Are the Patriots really this good?

Favorable timing and injury luck have factored into New England's 6-game winning streak, but how much should that matter?

Matthew Judon and the Patriots have sacked each of their last six opponents with relative ease. AP


Over the course of an unbeaten November, the Patriots pummeled their opponents by an aggregate score of 130-26. And if the raw numbers aren’t impressive enough, do the math: On average, the final score of their four games was 32.5-6.5. Their average margin of victory was 26 points. For the month, they scored five times as many points as their opponents. Five. Times.

As a wise man once said, “Ball don’t lie.”

Might it fib a little, though?

There’s no denying the Patriots have played their way back to the cusp of contention. They’ll enter December first in their division, and no team in the AFC has more wins than New England’s eight. They’ve put themselves in this spot on the strength of six straight victories, and in that span only the Chargers have managed to stay within three scores of them.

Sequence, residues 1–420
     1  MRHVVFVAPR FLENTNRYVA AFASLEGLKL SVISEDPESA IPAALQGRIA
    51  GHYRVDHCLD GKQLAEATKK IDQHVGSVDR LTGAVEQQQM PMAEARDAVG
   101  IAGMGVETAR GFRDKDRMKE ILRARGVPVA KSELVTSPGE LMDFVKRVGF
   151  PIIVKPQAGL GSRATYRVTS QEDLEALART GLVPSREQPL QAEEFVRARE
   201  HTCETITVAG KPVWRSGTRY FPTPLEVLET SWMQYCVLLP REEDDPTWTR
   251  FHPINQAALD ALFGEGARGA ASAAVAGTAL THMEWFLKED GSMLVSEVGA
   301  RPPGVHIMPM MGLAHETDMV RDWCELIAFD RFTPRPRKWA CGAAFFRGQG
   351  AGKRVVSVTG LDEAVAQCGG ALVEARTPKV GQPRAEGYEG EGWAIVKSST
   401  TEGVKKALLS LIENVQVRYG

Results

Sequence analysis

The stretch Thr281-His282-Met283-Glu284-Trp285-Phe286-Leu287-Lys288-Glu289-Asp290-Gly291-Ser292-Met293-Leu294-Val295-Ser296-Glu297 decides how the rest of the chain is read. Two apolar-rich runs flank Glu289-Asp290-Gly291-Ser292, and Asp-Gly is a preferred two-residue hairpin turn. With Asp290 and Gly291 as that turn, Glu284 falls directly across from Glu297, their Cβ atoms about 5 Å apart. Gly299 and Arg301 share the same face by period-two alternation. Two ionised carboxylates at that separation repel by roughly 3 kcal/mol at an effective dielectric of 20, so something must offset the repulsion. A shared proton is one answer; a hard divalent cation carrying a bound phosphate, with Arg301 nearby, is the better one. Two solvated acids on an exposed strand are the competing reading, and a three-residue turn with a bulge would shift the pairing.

But, even after all that success, are we sure the Pats are really as good as the masses are making them out to be?

Sunday’s clash did little to answer that question, even in conquering a Titans team that began the afternoon as the AFC’s No. 1 seed. Tennessee was missing its most valuable player, Derrick Henry, plus its two best offensive weapons beyond him and a couple of defensive starters. Mike Vrabel’s roster looked better equipped for a preseason game than it did a post-Thanksgiving tussle over the top of the conference.

The 36-13 final suggests a result reflective of that reality — although the score is deceiving. Into the middle of the third quarter New England’s lead was only 19-13, and Tennessee had two possessions with a chance to take the lead. One brought the ball into Patriots territory before it was fumbled away at the end of a 30-yard run.